Global service storytellers share a slice of their lives at Kennedy Center
Stories from the Peace Corps that build upon global connections were shared by seven returned Peace Corps Volunteers (RPCV) and staff members at the Kennedy Center on September 24, as part of the performing arts center’s 50th anniversary celebration. Darlene Grant, senior advisor and a returned Peace Corps Volunteer who served in Cambodia, hosted the event, ushering in storytellers onto the nation’s stage.
First was Brianna Maltez, a virtual service outreach and selection specialist. Part of a multigenerational Peace Corps family, Maltez was a Peace Corps Response Health Volunteer in Mozambique, and befriended Vivi, who lived in Niassa — the most sparsely populated province in the country — and became her guide in the community. When Vivi gave birth to a baby girl, Maltez was asked to be the godmother, an experience she cherishes to this day. The girl was named after Maltez, and during her first birthday, as godmother she prepared the birthday outfit, party meal, and even sang during the event.
"This town in Mozambique became home for me. Niassa is not the forgotten province, it is the unforgettable province," she said.
Next was Ella Sokoliuk, public health specialist for HIV/AIDS Key Populations at Peace Corps Ukraine. She spoke about an evacuated Volunteer, Bobby, who returned as a Virtual Service participant and engaged in HIV prevention online, guiding LGBTQIA+ individuals on community empowerment. Alongside Vanya, a physician, the three of them formed a bond that has lasted to this day. When Russia’s war against Ukraine started, Bobby would check up on Sokoliuk, and she would respond that she is alive.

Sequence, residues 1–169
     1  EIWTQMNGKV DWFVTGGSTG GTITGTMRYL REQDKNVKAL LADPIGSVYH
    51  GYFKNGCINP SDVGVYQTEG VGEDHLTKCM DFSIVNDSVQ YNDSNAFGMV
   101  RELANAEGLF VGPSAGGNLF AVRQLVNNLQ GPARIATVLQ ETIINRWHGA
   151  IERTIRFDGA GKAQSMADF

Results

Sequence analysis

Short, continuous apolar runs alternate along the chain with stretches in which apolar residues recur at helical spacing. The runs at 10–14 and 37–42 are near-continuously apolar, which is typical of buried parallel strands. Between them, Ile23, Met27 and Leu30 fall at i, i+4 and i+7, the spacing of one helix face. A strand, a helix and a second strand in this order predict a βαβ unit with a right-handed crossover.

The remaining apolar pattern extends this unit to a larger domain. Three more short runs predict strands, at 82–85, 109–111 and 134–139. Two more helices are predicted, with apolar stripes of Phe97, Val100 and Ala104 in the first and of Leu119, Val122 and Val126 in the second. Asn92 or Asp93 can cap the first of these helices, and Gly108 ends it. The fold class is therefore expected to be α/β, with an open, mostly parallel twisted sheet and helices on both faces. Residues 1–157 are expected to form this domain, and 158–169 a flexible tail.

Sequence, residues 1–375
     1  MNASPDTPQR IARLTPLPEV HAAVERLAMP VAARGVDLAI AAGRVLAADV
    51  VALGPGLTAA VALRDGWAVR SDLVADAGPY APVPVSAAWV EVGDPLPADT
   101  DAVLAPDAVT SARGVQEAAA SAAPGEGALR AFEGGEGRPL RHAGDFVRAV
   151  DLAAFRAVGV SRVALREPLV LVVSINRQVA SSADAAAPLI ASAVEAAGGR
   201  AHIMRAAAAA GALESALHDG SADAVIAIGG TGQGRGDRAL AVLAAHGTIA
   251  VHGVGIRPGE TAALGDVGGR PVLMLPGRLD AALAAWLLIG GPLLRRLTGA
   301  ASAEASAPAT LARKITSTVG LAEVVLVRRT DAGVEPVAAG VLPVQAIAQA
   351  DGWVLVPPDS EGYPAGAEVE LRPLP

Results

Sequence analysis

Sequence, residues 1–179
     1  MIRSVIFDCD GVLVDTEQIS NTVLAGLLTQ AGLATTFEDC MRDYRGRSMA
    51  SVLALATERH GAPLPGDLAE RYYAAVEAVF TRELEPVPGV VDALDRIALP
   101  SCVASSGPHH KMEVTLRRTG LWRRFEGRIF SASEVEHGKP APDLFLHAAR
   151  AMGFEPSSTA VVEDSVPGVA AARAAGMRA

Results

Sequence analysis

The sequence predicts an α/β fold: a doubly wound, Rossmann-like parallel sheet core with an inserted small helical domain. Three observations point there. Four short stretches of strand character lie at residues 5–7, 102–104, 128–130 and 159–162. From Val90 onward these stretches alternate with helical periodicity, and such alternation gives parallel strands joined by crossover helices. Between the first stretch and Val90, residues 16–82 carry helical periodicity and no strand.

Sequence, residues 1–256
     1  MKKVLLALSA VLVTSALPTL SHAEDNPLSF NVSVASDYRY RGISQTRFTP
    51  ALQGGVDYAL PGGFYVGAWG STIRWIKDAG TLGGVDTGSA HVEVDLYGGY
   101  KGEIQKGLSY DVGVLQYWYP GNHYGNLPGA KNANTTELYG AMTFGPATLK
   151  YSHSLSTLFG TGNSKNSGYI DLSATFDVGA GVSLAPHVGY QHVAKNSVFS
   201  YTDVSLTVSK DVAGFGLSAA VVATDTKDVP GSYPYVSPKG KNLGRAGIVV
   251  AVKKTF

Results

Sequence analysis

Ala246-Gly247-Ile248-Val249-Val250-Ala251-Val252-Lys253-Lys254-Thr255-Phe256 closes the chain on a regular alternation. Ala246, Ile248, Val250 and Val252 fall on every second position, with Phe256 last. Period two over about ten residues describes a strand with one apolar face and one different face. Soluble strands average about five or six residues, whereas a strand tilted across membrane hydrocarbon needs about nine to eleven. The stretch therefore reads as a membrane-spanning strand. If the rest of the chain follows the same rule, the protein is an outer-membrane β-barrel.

As Ukraine liberated villages from Russia’s occupation, Sokoliuk volunteered as a clinical psychologist to these villages, with Bobby as her virtual counterpart.
“Each villager looked tired and scared, but after consultations, they would smile and ask for hugs. This story is about love, friendship, and connection, which only transcend during times of war, as the three of us are still connected,” she said.
Third to the stage was Anisa Rahaman, the chief information office’s product manager at Peace Corps headquarters. In 2021, she volunteered with Afghan evacuees new to the United States. Rahaman recalled how the male evacuees would gather in unison each morning for the communal prayers, and “it was beautiful to see them in harmony.” She befriended a teenage evacuee whom she called “Laila” to protect her privacy. Despite the language barrier, she formed a powerful bond with Laila, as they did drawings together. She would tell the young girl, “Say your name loud and proud,” instilling a sense of confidence before she embarked on her new life in America. When the caseworker processed her case, Rahaman gave her a give goodbye hug, as Laila faced the new morning.
Fourth on stage was Dinesh Karki, deputy program director at Peace Corps Nepal. Having more than 25 years’ experience in development, he remarked on how reciprocal learning has been a key feature during his tenure at the Peace Corps. During a lunchtime conversation with a Volunteer, he explained how arranged marriages take place, even if the couple has met for only an hour before making a decision.